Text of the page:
North Cowichan internal email raises fears of talk-and-log policy on forest management plan

An internal email from North Cowichan’s municipal forester is fuelling concerns that a public consultation process into an interim management plan for the Municipal Forest Reserve is actually a talk-and-log show, freedom-of-information documents reveal.

 

“The overall intent of the interim plan was to allow some low-impact harvesting while the review was taking place which can still be done but not under the label of ‘interim plan,’” municipal forester Shaun Mason writes in the July 20, 2020, email.

 

One wonders whether public consultations into the interim plan are dead in the water. 

 

Writes Mason: “I would suggest removing the interim plan altogether to save the confusion by the public about the interim plan that will be now condensed into a very narrow window compared to what it was originally supposed to be.”

 

The email was written three days after Mayor Al Siebring announced that public consultations on the interim plan would be suspended for 60 days, while separate consultations would continue with First Nations — behind closed doors, at the Mayor’s request.

 

Siebring’s announcement also said that due to the delay and the absence of an interim management plan, “Council may consider additional harvesting of blow-down salvage or removal of hazardous trees for fire prevention if doing so is aligned with the Community Wildfire Protection Plan, and is recommended by the Forestry Advisory Committee and the UBC Partnership Group.” 

 

The 60 days is about to expire, with no public update from the Municipality and no Forestry Advisory Committee meeting announced. 

 

Council earlier suspended new logging in the 5,000-hectare Municipal Forest Reserve — also known as the Six Mountains — pending a two-phase engagement process for an interim forest management plan covering the period Sept. 1, 2020, to Dec. 31, 2021, and a long-term management plan beginning on Jan. 1, 2022.

 

If Mason’s comment holds — that logging was a fait accompli all along —  then what was the point in consulting citizens on an interim plan, except to give them the illusion that the Municipality was listening when, in fact, it was not? 

 

And why should the opinion of the UBC Partnership Group — part of the forestry department, after all — hold sway over the opinion of North Cowichan residents?

 

On Feb., 11, 2020, council passed the following motion: “That Council direct staff to harvest the 2018/2019 contract obligations, and that Council will consider additional harvesting in 2020 after receiving the fire smart study and recommendations from the UBC Partnership regarding an interim forest management plan.”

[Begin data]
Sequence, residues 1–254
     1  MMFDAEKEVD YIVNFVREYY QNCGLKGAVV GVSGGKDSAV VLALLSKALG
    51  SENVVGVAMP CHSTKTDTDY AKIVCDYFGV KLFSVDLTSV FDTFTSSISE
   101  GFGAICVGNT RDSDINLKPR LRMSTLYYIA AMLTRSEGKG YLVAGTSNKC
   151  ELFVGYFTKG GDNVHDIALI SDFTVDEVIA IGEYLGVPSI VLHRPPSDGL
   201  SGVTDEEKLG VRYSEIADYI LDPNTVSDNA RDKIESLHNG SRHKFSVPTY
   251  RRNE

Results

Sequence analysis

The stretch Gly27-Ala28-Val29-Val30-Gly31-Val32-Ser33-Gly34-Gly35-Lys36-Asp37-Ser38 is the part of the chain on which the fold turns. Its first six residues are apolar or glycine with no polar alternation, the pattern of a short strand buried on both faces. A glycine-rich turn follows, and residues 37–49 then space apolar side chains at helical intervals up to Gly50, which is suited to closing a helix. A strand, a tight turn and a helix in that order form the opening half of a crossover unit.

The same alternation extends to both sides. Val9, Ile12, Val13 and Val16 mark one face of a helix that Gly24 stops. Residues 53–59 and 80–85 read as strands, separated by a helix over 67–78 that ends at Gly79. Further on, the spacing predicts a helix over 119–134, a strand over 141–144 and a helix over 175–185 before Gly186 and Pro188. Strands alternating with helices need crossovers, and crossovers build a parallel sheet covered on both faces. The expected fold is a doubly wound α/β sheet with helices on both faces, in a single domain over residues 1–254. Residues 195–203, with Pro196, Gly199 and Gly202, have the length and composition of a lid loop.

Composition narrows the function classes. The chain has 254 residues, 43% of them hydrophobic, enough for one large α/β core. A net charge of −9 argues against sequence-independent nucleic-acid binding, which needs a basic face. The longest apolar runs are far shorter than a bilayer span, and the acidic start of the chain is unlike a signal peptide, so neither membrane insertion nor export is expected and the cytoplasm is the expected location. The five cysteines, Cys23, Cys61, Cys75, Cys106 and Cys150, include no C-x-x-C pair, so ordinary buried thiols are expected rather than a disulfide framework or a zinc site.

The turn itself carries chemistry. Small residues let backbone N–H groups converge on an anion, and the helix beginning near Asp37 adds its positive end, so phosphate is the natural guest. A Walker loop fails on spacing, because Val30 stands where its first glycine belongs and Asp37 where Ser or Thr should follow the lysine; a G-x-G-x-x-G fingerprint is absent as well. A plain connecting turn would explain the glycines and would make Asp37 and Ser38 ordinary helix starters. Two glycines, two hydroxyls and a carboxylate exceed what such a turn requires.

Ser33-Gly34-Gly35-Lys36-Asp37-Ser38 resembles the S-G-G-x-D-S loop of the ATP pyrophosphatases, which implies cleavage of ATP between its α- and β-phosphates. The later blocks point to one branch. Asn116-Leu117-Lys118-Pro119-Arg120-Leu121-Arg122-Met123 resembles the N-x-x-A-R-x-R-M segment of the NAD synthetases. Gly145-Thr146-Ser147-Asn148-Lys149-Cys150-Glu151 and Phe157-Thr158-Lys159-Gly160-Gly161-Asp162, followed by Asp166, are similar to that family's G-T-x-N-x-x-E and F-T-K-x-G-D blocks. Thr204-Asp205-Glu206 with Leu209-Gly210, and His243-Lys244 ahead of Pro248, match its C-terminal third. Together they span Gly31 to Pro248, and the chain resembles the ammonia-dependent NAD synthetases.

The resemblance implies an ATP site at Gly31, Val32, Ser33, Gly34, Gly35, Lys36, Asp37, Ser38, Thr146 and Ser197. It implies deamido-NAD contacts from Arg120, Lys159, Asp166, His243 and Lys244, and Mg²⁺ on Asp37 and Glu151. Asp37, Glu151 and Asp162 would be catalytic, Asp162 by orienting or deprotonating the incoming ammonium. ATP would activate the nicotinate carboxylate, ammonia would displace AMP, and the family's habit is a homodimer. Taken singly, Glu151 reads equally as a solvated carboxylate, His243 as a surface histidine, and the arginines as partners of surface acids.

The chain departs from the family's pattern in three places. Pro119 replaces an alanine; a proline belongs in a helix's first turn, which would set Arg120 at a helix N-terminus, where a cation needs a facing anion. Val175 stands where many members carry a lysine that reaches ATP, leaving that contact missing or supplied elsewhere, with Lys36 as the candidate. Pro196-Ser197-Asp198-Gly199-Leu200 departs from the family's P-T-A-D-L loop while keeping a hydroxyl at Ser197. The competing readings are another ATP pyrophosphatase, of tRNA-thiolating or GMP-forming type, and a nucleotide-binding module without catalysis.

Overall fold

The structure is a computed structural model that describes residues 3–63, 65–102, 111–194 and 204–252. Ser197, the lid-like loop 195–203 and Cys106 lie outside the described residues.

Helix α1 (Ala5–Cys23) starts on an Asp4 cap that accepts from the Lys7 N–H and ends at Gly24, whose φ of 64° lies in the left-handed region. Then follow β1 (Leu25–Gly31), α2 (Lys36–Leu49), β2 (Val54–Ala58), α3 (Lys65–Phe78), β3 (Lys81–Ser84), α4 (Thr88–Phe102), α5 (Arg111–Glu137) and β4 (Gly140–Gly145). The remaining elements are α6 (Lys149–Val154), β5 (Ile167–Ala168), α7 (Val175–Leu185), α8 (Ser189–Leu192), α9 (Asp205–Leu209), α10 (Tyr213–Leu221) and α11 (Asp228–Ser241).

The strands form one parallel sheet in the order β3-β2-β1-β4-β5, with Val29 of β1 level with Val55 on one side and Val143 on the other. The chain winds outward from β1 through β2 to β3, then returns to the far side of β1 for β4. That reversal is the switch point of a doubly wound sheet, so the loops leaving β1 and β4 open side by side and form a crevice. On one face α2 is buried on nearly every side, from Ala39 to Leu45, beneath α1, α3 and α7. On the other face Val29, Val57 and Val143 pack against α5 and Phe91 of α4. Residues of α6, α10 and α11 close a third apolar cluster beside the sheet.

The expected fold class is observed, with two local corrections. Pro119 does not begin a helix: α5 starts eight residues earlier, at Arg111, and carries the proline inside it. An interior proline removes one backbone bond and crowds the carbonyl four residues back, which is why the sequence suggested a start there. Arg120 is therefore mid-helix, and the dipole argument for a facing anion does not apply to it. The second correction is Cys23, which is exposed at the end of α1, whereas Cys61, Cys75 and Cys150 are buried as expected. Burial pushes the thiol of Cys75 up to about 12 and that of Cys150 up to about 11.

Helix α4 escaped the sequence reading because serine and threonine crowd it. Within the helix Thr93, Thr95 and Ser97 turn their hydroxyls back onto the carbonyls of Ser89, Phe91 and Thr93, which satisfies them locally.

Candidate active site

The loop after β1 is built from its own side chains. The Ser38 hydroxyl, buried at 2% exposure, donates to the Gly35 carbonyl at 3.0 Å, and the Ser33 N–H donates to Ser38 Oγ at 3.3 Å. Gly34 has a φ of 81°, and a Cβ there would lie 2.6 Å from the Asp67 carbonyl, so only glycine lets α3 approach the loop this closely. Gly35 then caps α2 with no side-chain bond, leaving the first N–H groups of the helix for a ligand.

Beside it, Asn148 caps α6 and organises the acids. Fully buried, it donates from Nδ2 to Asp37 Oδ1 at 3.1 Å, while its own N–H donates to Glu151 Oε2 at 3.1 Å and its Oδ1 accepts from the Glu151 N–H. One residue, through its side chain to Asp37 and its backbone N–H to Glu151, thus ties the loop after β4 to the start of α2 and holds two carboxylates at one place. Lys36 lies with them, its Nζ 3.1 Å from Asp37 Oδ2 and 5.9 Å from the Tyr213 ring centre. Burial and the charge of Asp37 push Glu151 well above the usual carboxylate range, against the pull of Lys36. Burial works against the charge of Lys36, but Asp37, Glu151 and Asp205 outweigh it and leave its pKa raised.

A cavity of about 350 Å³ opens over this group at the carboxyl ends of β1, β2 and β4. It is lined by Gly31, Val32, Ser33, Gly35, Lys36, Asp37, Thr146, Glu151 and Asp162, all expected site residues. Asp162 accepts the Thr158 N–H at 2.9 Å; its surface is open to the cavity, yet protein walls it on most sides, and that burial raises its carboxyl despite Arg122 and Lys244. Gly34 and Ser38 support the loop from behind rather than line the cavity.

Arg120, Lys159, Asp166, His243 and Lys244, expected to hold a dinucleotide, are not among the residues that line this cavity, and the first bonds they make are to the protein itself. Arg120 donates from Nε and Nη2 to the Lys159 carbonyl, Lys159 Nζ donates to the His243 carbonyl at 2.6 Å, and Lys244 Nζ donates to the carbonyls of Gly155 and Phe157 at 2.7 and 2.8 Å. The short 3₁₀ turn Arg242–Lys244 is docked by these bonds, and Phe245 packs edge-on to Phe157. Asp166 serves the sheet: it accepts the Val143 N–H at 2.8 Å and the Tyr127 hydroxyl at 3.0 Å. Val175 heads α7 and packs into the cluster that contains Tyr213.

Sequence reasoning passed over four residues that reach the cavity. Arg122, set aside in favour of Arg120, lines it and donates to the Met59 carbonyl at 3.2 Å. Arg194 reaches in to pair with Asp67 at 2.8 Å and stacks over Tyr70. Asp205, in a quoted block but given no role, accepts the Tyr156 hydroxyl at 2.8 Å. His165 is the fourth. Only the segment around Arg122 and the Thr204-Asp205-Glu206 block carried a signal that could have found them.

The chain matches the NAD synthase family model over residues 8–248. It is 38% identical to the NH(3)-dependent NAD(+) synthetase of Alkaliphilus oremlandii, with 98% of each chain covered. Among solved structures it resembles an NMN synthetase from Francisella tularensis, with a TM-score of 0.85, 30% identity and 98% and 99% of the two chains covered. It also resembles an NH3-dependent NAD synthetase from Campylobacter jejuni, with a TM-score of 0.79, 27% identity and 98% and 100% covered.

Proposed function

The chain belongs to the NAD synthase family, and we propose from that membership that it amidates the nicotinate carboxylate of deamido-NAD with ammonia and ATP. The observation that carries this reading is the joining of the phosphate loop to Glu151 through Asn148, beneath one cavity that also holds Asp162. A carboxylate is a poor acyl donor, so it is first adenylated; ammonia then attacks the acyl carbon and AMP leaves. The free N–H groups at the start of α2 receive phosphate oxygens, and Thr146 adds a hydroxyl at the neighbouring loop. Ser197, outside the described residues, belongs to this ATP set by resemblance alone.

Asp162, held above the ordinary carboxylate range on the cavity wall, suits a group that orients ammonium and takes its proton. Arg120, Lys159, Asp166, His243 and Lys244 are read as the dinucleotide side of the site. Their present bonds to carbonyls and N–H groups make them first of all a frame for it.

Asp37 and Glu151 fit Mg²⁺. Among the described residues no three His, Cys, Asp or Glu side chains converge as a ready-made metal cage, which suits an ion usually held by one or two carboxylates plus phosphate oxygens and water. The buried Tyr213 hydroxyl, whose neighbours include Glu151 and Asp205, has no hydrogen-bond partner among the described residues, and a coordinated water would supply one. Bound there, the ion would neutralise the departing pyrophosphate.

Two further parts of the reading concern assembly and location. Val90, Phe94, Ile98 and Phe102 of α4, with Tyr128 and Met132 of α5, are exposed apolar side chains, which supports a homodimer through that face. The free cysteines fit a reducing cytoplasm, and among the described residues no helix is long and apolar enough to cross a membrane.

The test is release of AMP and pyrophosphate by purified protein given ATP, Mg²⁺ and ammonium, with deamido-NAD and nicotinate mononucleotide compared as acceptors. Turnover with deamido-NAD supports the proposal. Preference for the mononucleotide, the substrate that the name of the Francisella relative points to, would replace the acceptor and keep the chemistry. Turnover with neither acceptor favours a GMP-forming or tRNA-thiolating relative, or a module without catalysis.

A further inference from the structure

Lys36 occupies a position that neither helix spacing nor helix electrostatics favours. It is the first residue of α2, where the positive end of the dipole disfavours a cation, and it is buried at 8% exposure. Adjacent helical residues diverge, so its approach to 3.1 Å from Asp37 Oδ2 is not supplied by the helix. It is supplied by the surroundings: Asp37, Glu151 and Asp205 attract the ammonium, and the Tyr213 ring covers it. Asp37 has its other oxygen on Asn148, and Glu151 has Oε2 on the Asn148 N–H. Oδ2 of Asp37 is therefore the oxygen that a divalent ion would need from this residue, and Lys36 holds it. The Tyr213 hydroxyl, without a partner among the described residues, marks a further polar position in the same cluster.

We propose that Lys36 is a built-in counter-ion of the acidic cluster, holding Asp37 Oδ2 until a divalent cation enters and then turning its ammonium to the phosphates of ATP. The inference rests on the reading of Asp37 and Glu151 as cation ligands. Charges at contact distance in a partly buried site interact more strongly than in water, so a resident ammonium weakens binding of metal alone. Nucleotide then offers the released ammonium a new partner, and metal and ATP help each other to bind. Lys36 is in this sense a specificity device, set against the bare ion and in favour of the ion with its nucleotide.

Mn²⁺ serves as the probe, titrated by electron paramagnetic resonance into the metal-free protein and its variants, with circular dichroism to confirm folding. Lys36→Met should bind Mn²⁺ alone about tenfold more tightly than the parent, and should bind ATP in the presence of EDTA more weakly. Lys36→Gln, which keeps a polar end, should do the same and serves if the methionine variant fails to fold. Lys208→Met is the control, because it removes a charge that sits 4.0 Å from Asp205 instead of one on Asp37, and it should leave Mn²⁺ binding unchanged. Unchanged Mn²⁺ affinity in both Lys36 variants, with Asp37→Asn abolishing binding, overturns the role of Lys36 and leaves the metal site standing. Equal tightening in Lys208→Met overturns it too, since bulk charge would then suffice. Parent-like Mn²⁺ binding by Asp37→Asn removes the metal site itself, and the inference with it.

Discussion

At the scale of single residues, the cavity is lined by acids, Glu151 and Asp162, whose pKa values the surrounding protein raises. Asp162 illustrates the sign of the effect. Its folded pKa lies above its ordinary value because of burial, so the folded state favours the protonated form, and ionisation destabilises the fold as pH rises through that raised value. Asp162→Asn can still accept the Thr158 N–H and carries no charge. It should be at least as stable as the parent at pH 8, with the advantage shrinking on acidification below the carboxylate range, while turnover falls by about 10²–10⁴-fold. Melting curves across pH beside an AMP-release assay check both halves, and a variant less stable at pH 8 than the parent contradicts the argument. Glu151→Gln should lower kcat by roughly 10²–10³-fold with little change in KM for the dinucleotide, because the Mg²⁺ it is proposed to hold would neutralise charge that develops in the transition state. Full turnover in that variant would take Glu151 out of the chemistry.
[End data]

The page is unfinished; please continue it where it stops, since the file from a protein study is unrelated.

In my opinion, a motion to “consider” falls far short of a done deal. 

 

I sought out Councillor Rob Douglas, chair of the Forestry Advisory Committee, for clarification. “I agree with you — Council could decide to undertake more harvesting in 2020 or none at all,” he said.

 

The two-phase approach has been problematic from the start: virtual meetings due to the Covid-19 pandemic,  interim consultations criticized for being weighted in favour of logging interests and the meetings of a citizens’ Working Group being held in private — even though a majority of the Working Group voted in favour of openness. 

 

The appointment of a pro-logging municipal employee to the Working Group was revoked after a complaint from sixmountains.ca.

 

Even consultants Lees and Associates warned council that the two-phase approach could result in public “confusion” and “engagement fatigue.”

 

The freedom-of-information documents also include a July 16 email from UBC forestry professor Stephen Sheppard, who is working with North Cowichan on a management strategy for the forest reserve. He confirms there is “confusion about the interim plan” and that if the decision is to keep it “then a coordinated press release…could also clarify what the interim plan is or isn’t….”

 

Sheppard adds: “The timeline issue perhaps raises again the value of retaining the interim plan as a deliverable: the overall engagement plan would be simpler without it, using what the team had planned to do as an interim step….”


 It's disconcerting to think that while the public dutifully waits for the deep, broad and transparent consultation they were promised, others are working in the background to make those forestry decisions for them.

— Larry Pynn, Sept. 12, 2020

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